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Originally published July 6, 2014 at 9:45 PM | Page modified July 6, 2014 at 9:47 PM

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Netherlands goalkeeper Tim Krul is willing to play head games again

Netherlands goalkeeper Tim Krul insists he did nothing wrong in confronting Costa Rica’s penalty takers during a World Cup quarterfinal shootout Saturday. He made two crucial saves.


The Associated Press

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RIO DE JANEIRO, Brazil – Netherlands goalkeeper Tim Krul insists he did nothing wrong in confronting Costa Rica’s penalty takers during a World Cup quarterfinal shootout.

Krul’s crucial two saves on Saturday came after his novel tactic that tested FIFA’s guidelines on fair play. The substitute keeper faced up to opponents at the penalty spot and repeatedly told them he knew where they would place their shots.

“I don’t think I have done anything wrong,” Krul said at a team news conference. “I haven’t shouted at (them) in an aggressive manner. I haven’t done anything crazy. I just told them I knew where they are going.”

The Dutch team’s 4-3 shootout victory, after a 0-0 draw through extra time, set up a semifinal against Argentina.

Krul said he would do the same again if Wednesday’s match goes to a shootout and he again gets substituted in for Jasper Cillessen, who is expected to start in the Dutch goal.

“I am trying, obviously, to get into their heads and it worked,” said Krul, who instantly entered World Cup lore, both as a rare replacement and for his trash talk. “I use everything in my power to make it happen.”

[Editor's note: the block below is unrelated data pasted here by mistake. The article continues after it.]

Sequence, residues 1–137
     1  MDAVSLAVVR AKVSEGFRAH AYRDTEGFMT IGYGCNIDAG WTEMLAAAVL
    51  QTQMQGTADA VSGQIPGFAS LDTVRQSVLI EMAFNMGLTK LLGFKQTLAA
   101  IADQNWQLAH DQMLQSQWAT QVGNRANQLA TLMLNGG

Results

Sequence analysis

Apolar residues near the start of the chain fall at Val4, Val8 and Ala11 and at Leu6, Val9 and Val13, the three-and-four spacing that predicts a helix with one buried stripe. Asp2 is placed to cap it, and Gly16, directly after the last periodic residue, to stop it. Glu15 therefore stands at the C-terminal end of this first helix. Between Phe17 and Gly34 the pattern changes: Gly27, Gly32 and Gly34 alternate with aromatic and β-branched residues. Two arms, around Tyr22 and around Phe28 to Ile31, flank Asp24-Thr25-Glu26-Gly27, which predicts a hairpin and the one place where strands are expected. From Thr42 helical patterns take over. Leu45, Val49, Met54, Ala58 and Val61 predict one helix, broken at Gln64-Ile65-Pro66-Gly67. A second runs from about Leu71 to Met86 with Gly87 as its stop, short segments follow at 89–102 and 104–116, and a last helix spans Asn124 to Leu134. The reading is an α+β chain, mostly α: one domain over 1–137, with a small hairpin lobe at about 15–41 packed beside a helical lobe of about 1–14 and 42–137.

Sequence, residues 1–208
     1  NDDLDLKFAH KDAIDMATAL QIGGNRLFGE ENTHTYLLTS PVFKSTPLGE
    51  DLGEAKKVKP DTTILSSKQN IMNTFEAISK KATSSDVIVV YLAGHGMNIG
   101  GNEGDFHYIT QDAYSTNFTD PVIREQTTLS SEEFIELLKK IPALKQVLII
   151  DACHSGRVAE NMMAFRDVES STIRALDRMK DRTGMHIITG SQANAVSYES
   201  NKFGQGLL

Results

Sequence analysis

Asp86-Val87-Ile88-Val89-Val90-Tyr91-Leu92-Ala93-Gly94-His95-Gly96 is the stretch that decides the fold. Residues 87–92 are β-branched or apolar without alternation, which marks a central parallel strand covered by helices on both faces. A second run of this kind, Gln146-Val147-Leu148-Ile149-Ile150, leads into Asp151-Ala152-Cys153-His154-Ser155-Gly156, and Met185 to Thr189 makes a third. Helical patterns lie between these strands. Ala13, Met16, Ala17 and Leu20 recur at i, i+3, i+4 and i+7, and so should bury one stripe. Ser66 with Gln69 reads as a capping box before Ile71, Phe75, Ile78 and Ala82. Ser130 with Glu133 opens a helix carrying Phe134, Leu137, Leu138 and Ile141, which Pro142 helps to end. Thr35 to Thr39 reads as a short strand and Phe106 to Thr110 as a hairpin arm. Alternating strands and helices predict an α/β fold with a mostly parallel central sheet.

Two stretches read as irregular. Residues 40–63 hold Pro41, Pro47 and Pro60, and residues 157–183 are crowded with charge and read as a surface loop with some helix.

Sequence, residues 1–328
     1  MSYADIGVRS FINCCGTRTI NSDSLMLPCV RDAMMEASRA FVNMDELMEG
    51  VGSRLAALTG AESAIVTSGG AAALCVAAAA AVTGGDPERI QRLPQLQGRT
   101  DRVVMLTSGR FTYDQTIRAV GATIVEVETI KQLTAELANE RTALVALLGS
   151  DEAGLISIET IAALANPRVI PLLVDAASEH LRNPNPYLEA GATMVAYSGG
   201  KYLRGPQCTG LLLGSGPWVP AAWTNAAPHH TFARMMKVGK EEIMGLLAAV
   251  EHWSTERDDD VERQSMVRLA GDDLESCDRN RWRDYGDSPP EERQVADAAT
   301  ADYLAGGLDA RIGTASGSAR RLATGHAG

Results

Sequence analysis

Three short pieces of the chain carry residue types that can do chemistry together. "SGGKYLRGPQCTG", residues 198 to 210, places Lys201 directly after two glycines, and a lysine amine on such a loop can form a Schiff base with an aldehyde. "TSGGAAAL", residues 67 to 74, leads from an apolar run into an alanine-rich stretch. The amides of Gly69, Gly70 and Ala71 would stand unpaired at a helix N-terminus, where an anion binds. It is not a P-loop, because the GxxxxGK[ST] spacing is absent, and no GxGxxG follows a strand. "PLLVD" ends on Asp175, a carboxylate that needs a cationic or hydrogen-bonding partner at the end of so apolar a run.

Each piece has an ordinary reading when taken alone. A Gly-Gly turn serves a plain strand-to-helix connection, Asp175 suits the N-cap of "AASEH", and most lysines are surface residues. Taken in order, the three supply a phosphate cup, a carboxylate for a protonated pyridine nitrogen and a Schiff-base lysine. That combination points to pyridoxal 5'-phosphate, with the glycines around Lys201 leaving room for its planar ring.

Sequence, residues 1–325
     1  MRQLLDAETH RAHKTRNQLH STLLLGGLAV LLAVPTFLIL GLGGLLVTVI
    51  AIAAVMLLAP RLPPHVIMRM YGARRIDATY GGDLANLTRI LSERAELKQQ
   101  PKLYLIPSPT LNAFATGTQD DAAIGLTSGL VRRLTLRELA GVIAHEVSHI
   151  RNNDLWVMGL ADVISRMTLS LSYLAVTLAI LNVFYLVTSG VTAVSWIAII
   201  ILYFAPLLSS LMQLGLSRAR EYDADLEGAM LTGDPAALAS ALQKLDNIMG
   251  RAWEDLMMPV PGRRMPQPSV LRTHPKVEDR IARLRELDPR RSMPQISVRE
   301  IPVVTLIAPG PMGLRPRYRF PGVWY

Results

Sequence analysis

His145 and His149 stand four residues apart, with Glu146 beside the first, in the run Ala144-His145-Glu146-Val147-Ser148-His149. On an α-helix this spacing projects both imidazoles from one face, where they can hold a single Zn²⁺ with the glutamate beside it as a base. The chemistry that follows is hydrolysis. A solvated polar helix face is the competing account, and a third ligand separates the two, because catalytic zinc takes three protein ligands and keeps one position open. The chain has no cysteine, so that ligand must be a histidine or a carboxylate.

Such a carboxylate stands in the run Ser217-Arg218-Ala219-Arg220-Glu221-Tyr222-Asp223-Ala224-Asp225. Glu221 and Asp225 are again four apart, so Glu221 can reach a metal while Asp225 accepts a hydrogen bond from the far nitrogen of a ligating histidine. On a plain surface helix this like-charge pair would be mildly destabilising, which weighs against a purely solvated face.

Krul said he learned shortly before the match he might be called on in a penalty shootout. Cillessen said he was not told.

“The manager and the goalie coach told me before the game that if we had another substitution left, it was possible he would use me in the penalty shootout,” Krul said. “So obviously for me, the whole game I was watching it with a different view.”

Krul said it had been “difficult” sitting and watching Cillessen play, craving his chance to start a World Cup match.

“I’m really pleased the manager showed confidence in me to put me in a quarterfinal of a World Cup,” Krul said. “That’s something to be really proud of. There is no jealously, but I would love to play. There is nothing better than playing for your country, but Jasper is our number one at the moment.”

Asked if his late appearance in extra time unsettled the Costa Rica team, Krul said it probably did.

Krul recalled Costa Rica coach Jorge Luis Pinto’s reaction to Dutch coach Louis van Gaal’s move.

“If you see their manager’s face, he was looking at our manager,” Krul said. “His face was priceless, I think.”

Argentina’s Di Maria is out

BELO HORIZONTE, Brazil – Argentina midfielder Angel Di Maria has been ruled out of the World Cup semifinal against the Netherlands because of a thigh injury while striker Sergio Aguero has been declared fit to play after recovering from a similar problem.

Di Maria limped off the field in the first half of Argentina’s quarterfinal victory over Belgium on Saturday after straining a muscle in his right thigh.

Di Maria scored in the 118th minute to give Argentina a 1-0 victory over Switzerland in the round of 16.

Notes

• The four World Cup quarterfinals averaged 10.29 million viewers in the United States combined on ABC, ESPN networks and Spanish-language Univision.

Host Brazil’s 2-1 victory over Colombia on Friday was the most-viewed quarterfinal in the United States, with 11.84 million viewers: 6.35 million on ESPN and 5.49 million on Univision.

• World Cup attendance is on pace to have the second-highest average of all time.

The average crowd after 60 matches in Brazil is 52,762, ahead of the 52,491 mark for the 2006 World Cup in Germany.

The record was set in the United States at the 1994 World Cup, when an average of 68,991 attended the 52 matches in a 24-team tournament.



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